One thing that we all have in common is that we all live by the same calendar and the same 24 hours in a day time structure. What is different, though, is what activities occupy those days and hours. There are no two people on earth who have the same exact roles, responsibilities and relationships to attend to on a daily basis. What I am trying to say is that with the time structure that our world has provided us with, we are forced to make a constant series of choices as to what we do with that time. I hate it when people say to me that they are so busy and “don’t have time to do x, y or z”. The truth of the matter is that you do have the time to do activity x, y, or z, however, you have made the choice to use that time for other things. When I am not at work which is roughly from 5:30pm until 7:30am on the weekdays as well as all day on Saturday and Sunday, roughly 118 hours a week, I have all that time to basically do what I want. If I chose to, I could play Magic for say 60 hours a week and that would still give me more than ample time to eat and sleep, (basically) stay alive. If I was to do this, there is no doubt that my success rate at the game would increase tenfold and I may even make it onto the Pro circuit. I could easily accomplish this without much effort, but the fact is, if I decided to take this route there is a certainty that my family and friends and most importantly my fiancé would all decide to sever ties with me. When you read any of my articles, my love for Magic is quite obvious and out in the open, but there are activities and, more importantly, people out there that I love just as much and in many cases more than I do Magic.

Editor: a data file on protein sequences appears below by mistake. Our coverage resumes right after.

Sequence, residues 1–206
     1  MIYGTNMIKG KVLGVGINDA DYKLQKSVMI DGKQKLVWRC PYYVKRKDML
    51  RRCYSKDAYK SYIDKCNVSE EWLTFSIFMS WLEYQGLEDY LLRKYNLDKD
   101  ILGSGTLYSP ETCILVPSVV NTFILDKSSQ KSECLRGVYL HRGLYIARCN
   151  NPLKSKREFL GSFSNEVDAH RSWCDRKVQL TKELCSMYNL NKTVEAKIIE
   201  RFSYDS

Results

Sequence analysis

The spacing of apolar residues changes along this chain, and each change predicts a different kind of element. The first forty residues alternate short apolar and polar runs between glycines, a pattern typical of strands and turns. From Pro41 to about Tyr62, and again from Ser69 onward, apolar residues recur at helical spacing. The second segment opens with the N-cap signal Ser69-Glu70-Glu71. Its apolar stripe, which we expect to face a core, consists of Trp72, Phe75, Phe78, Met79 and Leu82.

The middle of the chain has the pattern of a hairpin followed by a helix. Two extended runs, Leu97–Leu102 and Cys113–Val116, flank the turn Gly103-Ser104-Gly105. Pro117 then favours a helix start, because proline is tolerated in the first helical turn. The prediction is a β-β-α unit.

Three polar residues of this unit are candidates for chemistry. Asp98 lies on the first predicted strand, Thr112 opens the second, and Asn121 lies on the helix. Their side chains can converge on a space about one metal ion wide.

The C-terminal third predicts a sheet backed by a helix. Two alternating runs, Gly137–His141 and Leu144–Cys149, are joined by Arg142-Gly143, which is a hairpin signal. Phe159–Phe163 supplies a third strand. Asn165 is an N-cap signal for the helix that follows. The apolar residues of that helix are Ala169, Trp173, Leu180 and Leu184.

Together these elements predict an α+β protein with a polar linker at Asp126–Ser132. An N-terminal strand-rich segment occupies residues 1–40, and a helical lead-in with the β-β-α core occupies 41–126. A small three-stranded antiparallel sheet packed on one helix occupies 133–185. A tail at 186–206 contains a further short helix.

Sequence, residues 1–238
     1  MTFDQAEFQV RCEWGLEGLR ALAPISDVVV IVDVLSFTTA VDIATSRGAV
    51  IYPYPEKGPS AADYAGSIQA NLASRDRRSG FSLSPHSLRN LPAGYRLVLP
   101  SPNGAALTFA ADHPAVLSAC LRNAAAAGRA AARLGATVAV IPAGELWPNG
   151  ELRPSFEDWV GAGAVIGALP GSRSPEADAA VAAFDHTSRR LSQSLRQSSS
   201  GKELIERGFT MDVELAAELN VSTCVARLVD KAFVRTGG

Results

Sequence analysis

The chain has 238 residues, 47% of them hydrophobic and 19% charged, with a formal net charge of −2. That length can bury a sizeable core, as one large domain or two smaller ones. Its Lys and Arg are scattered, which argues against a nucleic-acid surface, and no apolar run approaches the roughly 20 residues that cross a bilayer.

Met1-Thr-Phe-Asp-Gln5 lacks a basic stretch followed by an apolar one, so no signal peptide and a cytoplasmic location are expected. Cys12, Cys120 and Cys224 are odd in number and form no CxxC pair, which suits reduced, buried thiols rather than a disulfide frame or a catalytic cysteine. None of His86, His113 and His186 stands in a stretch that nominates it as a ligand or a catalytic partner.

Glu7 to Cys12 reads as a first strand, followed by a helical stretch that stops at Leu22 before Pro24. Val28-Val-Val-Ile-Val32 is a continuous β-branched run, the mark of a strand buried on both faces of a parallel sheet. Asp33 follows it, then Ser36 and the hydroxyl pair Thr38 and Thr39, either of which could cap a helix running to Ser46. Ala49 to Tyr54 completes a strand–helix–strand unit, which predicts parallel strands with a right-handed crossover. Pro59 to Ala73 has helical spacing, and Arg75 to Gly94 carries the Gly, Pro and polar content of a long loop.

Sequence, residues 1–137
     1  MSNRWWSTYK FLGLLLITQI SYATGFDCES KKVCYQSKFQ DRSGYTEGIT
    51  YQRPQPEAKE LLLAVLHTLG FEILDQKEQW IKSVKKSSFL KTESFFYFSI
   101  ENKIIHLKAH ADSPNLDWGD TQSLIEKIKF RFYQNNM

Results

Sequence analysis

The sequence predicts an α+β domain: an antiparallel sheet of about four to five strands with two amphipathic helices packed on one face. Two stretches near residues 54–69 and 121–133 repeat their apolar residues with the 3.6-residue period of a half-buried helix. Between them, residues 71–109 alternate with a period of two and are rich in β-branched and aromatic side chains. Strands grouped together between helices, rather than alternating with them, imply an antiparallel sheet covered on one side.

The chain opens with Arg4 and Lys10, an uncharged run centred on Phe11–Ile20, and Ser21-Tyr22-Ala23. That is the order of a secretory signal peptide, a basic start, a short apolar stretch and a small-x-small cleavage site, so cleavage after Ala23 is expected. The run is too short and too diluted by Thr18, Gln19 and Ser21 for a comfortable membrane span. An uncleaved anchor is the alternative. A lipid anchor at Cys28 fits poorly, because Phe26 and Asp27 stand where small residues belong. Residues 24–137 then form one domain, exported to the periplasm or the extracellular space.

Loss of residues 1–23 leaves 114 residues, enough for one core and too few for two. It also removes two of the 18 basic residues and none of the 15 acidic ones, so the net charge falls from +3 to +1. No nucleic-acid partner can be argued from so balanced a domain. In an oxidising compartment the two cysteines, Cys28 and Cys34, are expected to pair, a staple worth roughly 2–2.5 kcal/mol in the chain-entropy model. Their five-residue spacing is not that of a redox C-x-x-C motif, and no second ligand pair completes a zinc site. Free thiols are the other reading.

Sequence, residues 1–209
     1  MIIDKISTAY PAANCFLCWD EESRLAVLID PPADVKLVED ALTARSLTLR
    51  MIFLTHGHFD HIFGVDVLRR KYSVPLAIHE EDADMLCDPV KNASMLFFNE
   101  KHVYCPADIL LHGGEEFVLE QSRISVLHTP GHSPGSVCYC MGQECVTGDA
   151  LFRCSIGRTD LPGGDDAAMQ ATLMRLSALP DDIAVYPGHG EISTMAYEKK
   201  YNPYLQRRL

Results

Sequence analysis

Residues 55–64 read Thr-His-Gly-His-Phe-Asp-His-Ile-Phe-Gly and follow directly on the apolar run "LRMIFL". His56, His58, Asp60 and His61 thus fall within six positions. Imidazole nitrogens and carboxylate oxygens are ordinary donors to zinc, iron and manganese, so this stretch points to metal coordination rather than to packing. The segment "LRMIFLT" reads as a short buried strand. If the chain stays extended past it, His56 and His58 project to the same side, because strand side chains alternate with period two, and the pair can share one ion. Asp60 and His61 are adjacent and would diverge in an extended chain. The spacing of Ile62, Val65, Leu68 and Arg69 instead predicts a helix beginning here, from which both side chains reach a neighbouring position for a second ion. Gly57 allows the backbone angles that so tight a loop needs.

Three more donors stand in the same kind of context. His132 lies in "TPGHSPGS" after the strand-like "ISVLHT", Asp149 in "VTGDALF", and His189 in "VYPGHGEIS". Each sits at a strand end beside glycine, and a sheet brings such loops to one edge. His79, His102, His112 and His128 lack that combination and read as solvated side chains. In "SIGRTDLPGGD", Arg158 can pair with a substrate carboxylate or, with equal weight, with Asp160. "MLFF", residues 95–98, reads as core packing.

Having come to this realization that I have actively chosen to not spend as much of my time playing Magic has been almost a point of enlightenment. I am not saying that I enjoy playing the game less than I did say a few months ago, in fact quite the opposite has happened. At the Grand Prix in Worcester last month I lost my first match and then subsequently went to 1-3, eliminating myself from any chance of prize and thus I dropped out. Should this have been any shock to me or my friends, it was a sealed tournament where not only had I not practiced, but in fact I had only begun to read the spoiler list on the car ride up to the event. Now normally I would have tilted and began spiraling into a depression of how bad I am at this game… but instead I have come to terms with the fact that I got what I put in, in terms of M13 limited preparation.